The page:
Mike Rother and John Shook, in Learning to See, advocate the role of a value stream manager. I like the term value engineer, as value engineering is a systematic method to improve the function-to-cost ratio of the product or service. The value stream manager role is the person responsible for the design of the value stream, planning changes, and monitoring its efficiency. Designated owners for each value stream will negate the risks of waste and inefficiency.

In his book, Accelerate, John Kotter suggests that traditional hierarchical organizational structures prevent an enterprise from quickly responding to market changes or opportunities through the bureaucracy they impose. The structures and processes used for decades with success to run and improve an enterprise no longer work efficiently in the Digital Era. Kotter suggests that what is needed is a parallel organizational operating system; one that continually assesses the business model identifies challenges and opportunities and can rapidly effect change to the value streams. Kotter calls the second operating model an Agile network-like structure.

Kotter recommends that an organization employ both operating systems. For many executives, this may infer simply bolting structures on the side of their existing hierarchy. The question is which operating system should have ultimate control, and what should be the function of each structure.

If agility is the goal, then the enterprise should focus on its network organization; managing its operational value streams (how products and services get to its customers efficiently). The network organization is also instrumental in how the enterprise implements changes to these value streams. Meanwhile, the hierarchical organization provides shared services and governance for the network. In this way, the hierarchy acts as a servant leader to the network.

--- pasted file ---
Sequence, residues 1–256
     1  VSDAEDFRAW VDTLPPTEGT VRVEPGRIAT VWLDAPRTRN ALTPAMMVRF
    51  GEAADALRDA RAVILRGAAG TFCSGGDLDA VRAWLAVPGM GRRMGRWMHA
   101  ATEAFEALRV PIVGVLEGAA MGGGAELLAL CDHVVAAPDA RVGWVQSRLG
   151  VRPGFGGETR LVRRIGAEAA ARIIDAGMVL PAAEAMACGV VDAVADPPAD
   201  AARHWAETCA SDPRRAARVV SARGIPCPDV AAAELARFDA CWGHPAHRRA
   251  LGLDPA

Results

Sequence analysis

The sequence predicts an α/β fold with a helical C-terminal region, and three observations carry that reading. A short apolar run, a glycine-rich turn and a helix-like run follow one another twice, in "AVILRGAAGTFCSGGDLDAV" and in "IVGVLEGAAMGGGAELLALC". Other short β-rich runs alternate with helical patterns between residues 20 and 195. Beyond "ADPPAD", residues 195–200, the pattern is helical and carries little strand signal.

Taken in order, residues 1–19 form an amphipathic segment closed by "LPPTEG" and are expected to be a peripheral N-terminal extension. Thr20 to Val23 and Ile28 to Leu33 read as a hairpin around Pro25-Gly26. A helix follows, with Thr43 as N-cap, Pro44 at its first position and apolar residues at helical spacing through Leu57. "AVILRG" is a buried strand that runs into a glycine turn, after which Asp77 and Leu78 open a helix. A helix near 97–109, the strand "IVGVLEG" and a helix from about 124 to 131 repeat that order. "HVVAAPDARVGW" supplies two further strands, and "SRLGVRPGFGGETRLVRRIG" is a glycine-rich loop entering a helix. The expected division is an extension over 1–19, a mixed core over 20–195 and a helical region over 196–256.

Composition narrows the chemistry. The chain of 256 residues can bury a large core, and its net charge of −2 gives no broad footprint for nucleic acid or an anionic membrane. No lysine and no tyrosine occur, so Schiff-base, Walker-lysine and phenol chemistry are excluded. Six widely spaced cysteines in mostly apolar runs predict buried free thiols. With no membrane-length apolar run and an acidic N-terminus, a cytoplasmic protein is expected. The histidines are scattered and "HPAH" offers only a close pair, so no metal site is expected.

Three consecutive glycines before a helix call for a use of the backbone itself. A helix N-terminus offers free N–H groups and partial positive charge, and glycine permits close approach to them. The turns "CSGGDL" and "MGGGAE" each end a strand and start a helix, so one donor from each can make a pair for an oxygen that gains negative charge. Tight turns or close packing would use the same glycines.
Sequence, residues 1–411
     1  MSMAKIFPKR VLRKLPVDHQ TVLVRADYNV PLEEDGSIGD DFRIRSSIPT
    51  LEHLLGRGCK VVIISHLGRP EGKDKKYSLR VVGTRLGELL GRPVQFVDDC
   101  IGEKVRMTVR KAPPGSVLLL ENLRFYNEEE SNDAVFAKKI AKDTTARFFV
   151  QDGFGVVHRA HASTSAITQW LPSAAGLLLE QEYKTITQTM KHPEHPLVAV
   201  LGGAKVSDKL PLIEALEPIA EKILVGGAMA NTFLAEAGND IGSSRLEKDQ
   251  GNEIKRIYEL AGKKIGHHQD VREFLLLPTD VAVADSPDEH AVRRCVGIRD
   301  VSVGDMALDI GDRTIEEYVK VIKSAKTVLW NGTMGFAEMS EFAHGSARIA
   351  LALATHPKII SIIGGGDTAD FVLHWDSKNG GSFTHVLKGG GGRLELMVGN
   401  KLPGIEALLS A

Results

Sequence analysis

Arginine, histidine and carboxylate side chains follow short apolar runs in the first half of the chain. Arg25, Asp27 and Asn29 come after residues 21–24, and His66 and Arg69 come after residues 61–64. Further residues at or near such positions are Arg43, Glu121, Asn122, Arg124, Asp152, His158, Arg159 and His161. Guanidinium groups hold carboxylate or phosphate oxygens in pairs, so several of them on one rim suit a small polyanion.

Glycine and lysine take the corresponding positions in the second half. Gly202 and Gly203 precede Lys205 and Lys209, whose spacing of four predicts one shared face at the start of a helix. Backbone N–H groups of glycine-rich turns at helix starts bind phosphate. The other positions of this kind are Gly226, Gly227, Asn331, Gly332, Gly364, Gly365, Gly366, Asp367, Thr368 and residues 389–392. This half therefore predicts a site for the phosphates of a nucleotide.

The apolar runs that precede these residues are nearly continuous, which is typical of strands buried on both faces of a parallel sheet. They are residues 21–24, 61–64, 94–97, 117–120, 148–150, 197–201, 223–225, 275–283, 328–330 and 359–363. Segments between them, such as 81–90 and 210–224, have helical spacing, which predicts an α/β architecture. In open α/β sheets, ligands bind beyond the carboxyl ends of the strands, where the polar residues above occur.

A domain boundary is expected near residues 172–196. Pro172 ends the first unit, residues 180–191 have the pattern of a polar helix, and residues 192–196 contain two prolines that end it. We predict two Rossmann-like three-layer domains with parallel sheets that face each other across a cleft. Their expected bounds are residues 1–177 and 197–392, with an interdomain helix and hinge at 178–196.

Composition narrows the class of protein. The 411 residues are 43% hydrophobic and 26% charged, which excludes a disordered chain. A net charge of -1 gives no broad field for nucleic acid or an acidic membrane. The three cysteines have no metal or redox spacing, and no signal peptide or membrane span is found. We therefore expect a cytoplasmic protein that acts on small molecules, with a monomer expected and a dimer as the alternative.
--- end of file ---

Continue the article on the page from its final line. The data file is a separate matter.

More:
Kotter states that digital era organizations should seek competitive advantage without disrupting their operations. He infers controlled, rapid refinement rather than radical, seismic, unrestrained change. Rapid improvement aligns with the incremental plan-do-check-adjust used in Agile but also caters for the pivot-without-remorse when things are tried but don’t work out.

An Agile team is organized so that it has all the skills and capabilities to deliver the entire customer proposition. While this concept is attached to software engineering practices, the same can be said for operational processes, which can be designed around customer journeys or value streams. Having the operational team members and the change delivery teams aligned to a value stream allows an enterprise to directly compare operational costs with revenues. It enables the enterprise to optimize the end-to-end efficiency of the value stream with a focus on customer satisfaction.

Agile development teams can then develop the value stream under the guidance of the value stream manager. Having development teams aligned with value streams is a foundational principle of the Scaled Agile Framework. Aligned teams build a knowledge of the value stream over time and obtain a clear line of sight between their goals and the objectives of the value stream.

So why use it or lose it? An Agile enterprise can rapidly respond to changing market circumstances or opportunities while delighting its customers. To have these capabilities, it has built an organization, policies, and processes that facilitate its speed of change. An enterprise will lose these capabilities if it doesn’t recognize value streams. In that case, the organization will, as the pace of change accelerates, become more dysfunctional and less able to deliver high-quality products and services. If the enterprise doesn’t develop the capability to rapidly alter the business model to meet challenges and opportunities in the digital era, then it will quickly become irrelevant!

Disrupting Agile: Is Agile Ready?

This issue of Cutter Business Technology Journal (CBTJ) highlights how the status quo focus on agile practices is proving to be insufficient. Available for purchase in the Cutter Bookstore.

About The Author
Jon Ward
Jon Ward is Senior Consultant with Cutter Consortium’s Business Agility and Software Engineering Excellence practice. As CEO for Beneficial Consulting, he focuses on the cultural and transformational aspects of implementing Agile. Mr. Ward currently acts as an Agile catalyst, producing significant bottom-line results for software and business change initiatives. Using Lean-Agile techniques, he redesigns target operating models for efficiency and… Read More